The choosiness of its investors has allowed Property Partner to identify some distinct trends within its investor base. Changes to Stamp Duty Land Tax (SDLT) and the looming threat of Brexit has caused the platform’s investors to shift their focus towards more yield-focused investment opportunities. “In times of uncertainty, investors want things that they can touch and feel,” said Gandesha. “But again, people still want a blend.” The Property Partner boss explained that the platform is currently running at a rhythm of launching one property a week. If the company launchs two yield-heavy opportunities in a row, it'll often see strong demand for a London property.
But whilst he’s convinced that Property Partner represents a better investment proposition than direct investment, Daniel conceded that the platform is not without its disadvantages. The main downside to Property Partner is the lack of control: “You have to be willing to hold for five years. If you’re not willing to hold, then there’s not a guarantee that you can sell in between,” said Gandesha. “By contrast if you’re investing directly, you could wake up on any given day and be reasonably certain that in at least 6 months you could sell the property. We can’t guarantee that to you.”
On the other hand, Property Partner investors could sell out of their holdings a great deal faster than direct investors, but Gandesha preached caution: “Liquidity is a false friend. We’d much rather manage expectations down, rather than up.” To date, Property Partner investors have taken an average of just over six days to sell out of their investments on the secondary market.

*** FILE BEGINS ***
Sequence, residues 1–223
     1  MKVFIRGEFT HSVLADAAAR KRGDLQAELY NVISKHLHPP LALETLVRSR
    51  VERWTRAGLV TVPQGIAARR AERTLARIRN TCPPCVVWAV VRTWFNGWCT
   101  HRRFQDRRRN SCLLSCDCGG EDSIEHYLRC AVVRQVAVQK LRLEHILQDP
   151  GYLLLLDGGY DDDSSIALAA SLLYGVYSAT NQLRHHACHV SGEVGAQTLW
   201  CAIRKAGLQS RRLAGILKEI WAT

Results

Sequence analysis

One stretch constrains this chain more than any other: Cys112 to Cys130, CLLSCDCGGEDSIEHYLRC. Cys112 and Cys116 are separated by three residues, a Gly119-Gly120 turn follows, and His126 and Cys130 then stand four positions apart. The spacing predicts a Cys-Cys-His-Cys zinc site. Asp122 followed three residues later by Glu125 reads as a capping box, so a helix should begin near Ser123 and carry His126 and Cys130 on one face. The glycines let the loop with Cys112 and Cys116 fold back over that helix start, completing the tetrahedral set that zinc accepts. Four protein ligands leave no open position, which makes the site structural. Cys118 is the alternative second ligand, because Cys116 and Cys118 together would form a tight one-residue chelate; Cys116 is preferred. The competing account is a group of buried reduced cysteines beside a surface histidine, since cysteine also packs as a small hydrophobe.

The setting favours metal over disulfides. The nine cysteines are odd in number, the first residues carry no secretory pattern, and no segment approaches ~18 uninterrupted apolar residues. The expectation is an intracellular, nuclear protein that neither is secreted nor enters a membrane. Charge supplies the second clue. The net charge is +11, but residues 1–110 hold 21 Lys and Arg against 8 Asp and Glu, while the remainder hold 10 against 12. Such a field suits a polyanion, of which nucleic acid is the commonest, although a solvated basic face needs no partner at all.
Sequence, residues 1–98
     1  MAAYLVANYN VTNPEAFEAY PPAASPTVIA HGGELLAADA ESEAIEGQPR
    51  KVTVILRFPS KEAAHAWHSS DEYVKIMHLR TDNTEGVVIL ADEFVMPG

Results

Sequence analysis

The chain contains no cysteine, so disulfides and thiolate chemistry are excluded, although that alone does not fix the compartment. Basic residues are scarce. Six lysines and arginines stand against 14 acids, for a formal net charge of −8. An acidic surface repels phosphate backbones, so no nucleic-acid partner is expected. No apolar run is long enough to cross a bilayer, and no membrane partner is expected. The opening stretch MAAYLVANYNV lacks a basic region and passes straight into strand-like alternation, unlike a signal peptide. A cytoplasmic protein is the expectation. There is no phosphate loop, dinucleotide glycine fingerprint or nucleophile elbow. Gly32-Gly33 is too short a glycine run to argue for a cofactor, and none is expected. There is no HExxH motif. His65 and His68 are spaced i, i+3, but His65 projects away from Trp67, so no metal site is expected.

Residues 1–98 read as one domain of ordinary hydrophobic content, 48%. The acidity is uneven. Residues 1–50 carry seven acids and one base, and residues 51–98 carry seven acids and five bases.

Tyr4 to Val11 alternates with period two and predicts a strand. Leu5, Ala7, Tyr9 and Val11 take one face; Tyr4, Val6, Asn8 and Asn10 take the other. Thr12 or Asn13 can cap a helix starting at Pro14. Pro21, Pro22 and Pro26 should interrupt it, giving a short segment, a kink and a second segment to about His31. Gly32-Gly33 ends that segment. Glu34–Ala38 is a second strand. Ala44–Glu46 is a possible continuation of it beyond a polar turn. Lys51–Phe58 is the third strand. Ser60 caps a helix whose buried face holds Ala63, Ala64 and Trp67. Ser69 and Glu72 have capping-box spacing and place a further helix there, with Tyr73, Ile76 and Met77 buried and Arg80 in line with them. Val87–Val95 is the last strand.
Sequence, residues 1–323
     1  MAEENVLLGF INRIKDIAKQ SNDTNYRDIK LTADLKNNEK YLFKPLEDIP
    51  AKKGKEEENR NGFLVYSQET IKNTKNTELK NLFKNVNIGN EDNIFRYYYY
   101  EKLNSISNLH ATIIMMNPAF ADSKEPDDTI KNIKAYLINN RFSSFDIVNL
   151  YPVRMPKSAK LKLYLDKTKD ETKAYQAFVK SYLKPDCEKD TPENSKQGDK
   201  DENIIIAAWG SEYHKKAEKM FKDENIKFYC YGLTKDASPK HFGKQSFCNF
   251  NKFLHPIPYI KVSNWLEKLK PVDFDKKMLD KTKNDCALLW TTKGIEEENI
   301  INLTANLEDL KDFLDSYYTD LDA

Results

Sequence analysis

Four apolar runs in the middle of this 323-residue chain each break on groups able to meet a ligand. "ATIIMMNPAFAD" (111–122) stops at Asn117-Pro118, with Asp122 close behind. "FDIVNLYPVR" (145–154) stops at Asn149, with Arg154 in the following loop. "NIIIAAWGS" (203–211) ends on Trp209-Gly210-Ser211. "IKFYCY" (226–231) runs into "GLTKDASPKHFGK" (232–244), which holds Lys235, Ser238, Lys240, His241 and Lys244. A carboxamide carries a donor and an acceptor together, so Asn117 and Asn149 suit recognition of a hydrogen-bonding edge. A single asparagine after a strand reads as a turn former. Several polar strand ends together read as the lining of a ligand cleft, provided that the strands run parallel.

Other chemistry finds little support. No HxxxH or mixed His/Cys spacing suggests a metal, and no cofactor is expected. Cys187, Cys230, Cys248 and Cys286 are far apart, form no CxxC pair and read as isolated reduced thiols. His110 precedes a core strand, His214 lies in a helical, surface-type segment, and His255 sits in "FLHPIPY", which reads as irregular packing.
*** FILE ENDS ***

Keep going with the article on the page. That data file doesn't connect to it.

I was especially keen to gauge Gandesha’s thoughts on the complexity of property as an asset class, and to what extent he believes investors need to understand the asset class prior to investing. He explained: “Are you taking risk on the asset class, yes or no? Yes, you’re absolutely taking risk on the asset class. If you are not positive on the story for UK residential, then that should absolutely factor into your thinking.” Daniel believes that Property Partner serves to enhance the proposition for investors, but that doesn’t change the nature of the underlying assets.
However, he rejects the idea that you have to be an expert in property in order justify investment: “Do you need to understand the asset class intimately in order to use our product? No. I don’t think you do. I believe we do a fantastic job of sourcing high quality residential property, and would I prefer to invest on my own – as a direct investor with no experience in residential property – or would I prefer to leverage the experience of Property Partner? For me it’s a very simple answer.”
On the subject of leveraging expertise, Gandesha uses the term “property investment plus plus”. If an individual investor in property chooses to go direct, he or she tends to have very little purchasing power and often even less expertise. Property Partner, on the other hand, is now buying, on average, an entire investment block each and every week. “That gives us a lot of power in the market,” said Gandesha. Property Partner is currently buying properties at an average discount of 10%. For investors, the yield stays the same, but the cost of acquisition is lower, and thus the yield is enhanced. Gandesha says that investors are thus getting access to “a stronger underlying asset class.”
In terms of expertise, Gandesha worries that individual investors might well miss things. What’s the ongoing operating expenditure of a particular asset? How easy will it be to tenant? What if market conditions change? What if a car parking space that was included in the purchase price is taken away down the line, and has to be rented? These were but a few of the scenarios he referenced.
But the unavoidable asterisk to Property Partner’s perceived advantages is that the platform must provide investors with a sufficiently high degree of that old industry watchword: transparency.